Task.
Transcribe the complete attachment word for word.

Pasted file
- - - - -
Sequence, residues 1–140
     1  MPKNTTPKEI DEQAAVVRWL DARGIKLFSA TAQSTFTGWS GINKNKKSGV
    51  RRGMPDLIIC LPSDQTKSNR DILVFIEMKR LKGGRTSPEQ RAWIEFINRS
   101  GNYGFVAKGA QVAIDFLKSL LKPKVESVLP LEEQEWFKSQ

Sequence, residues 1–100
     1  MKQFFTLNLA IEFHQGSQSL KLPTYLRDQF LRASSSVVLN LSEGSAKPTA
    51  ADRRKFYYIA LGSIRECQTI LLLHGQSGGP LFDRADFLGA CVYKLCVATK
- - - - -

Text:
Sequence, residues 1–140
     1  MPKNTTPKEI DEQAAVVRWL DARGIKLFSA TAQSTFTGWS GINKNKKSGV
    51  RRGMPDLIIC LPSDQTKSNR DILVFIEMKR LKGGRTSPEQ RAWIEFINRS
   101  GNYGFVAKGA QVAIDFLKSL LKPKVESVLP LEEQEWFKSQ

Sequence, residues 1–100
     1  MKQFFTLNLA IEFHQGSQSL KLPTYLRDQF LRASSSVVLN LSEGSAKPTA
    51  ADRRKFYYIA LGSIRECQTI LLLHGQSGGP LFDRADFLGA CVYKLCVATK